Animals in Art, at the Brighton Museum and Art Gallery (01273 290900) today to 19 Oct. Then at the Harris Museum and Art Gallery, Preston (01772 257112) 27 Oct-6 Dec

The British love animals but they're not so keen on art, so what better recipe can there be for an attractive and popular exhibition than "Animals in Art". Mounted to commemorate the centenary of The Blue Cross, the animal welfare charity, the show includes more than 130 works, mainly paintings. They range from a fine 17th-century oil by Van Dyck and 18th- century sporting studies by George Stubbs, to works by such Victorian drawing- room stalwarts as Sir Edwin Landseer, and pieces by modernists such as Elisabeth Frink, Maggi Hambling and David Hockney.

In the case of Hockney, the show could not have come at a better time as his latest subjects are his dachsunds, Stanley and Boodgie; his Dog Painting 25 (1995) exemplifies all the colour and life that is so characteristic of his work, with the addition of a warmth and, yes, love, for his cute and playful pets.

For "animals" in the context of this show, read "pets", or in the preferred terminology of The Blue Cross, "companion animals". Most of the paintings feature dogs, cats and - especially in the 18th-century works such as John Wootton's remarkable The Bloody Shouldered Arabian of 1724 - horses.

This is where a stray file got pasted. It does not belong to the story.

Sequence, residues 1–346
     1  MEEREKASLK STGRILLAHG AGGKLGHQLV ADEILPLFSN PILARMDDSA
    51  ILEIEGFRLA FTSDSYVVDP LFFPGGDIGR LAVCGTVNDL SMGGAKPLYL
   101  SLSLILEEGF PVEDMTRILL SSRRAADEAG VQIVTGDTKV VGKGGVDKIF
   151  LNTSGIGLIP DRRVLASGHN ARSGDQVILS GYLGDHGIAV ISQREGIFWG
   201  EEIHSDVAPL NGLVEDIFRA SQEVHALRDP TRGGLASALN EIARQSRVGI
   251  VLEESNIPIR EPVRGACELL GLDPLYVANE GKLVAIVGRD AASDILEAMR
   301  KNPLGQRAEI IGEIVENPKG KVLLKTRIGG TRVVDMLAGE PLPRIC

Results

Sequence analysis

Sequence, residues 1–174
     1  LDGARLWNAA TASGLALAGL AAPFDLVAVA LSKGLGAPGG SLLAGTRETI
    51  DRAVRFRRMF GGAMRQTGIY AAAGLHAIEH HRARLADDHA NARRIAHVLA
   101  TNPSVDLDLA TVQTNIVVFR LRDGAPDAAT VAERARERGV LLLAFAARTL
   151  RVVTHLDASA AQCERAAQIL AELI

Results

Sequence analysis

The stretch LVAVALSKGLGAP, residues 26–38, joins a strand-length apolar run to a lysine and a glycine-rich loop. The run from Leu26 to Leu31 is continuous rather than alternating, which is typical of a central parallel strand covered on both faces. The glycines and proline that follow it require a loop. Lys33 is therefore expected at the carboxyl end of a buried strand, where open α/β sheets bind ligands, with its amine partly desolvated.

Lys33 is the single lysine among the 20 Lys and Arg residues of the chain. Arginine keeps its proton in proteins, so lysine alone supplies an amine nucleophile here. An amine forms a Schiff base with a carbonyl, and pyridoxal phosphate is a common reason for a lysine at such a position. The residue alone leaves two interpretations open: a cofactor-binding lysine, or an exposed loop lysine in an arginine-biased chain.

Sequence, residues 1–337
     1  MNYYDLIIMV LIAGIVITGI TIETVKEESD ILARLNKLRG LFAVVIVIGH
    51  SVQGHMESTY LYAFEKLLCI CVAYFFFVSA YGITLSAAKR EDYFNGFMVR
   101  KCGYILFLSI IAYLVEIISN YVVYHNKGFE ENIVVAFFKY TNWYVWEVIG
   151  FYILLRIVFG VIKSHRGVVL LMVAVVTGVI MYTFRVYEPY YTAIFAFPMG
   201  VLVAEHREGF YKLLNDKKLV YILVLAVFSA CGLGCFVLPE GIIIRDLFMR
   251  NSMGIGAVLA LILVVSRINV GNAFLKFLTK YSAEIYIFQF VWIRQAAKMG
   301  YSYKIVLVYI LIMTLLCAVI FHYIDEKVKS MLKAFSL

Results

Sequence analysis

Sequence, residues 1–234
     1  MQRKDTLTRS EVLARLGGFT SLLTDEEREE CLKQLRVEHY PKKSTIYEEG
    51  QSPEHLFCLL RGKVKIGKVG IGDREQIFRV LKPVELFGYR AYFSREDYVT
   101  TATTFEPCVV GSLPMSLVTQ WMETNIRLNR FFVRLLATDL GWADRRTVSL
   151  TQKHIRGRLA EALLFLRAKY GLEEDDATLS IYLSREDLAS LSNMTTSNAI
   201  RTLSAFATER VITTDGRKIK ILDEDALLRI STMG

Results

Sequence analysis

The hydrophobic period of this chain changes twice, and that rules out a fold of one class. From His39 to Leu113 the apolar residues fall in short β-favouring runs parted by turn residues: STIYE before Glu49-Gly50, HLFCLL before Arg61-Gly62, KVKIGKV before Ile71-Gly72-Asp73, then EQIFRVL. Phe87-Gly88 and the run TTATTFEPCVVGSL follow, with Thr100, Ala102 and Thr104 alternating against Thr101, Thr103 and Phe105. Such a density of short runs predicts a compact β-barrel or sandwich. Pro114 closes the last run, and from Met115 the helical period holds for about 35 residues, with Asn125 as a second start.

The historically minded can trace the change in the cultural role of animals from the "positional goods" of the 18th- century gentleman, to the symbols of the domestic contentment so beloved of the Victorians. Indeed, Landseer (who was Queen Victoria's favourite artist) regards pets as surrogate family members: Bony and Var (1843) presents two gorgeous puppies gazing longingly at their owner, all shiny coats and eager expressions, adorning a richly upholstered, cosy interior.

These chocolate-box representations have had a profound effect on the popular attitude to pets, and dogs in particular. Could it be the sentimental vision of Landseer and his followers, rather than the dry language of ethics, that provides the real emotional foundation for the contemporary passion for animal rights?

But the more hard-hearted among us shouldn't be put off. "Animals in Art" offers tasty nuggets to the contemporary art lover. While Damien Hirst's pickled sheep may be a little beyond the pale for this show, there is the broad humour of Gordon McHarg's Cow Mad (1997) and The Bull's Bollocks (1997), the vigour and fun of Go Go Bunny (1997) by Liverpool artist David White, and the elegance and beauty of Sophie Ryder's Maquette for Leaping Dog (1993).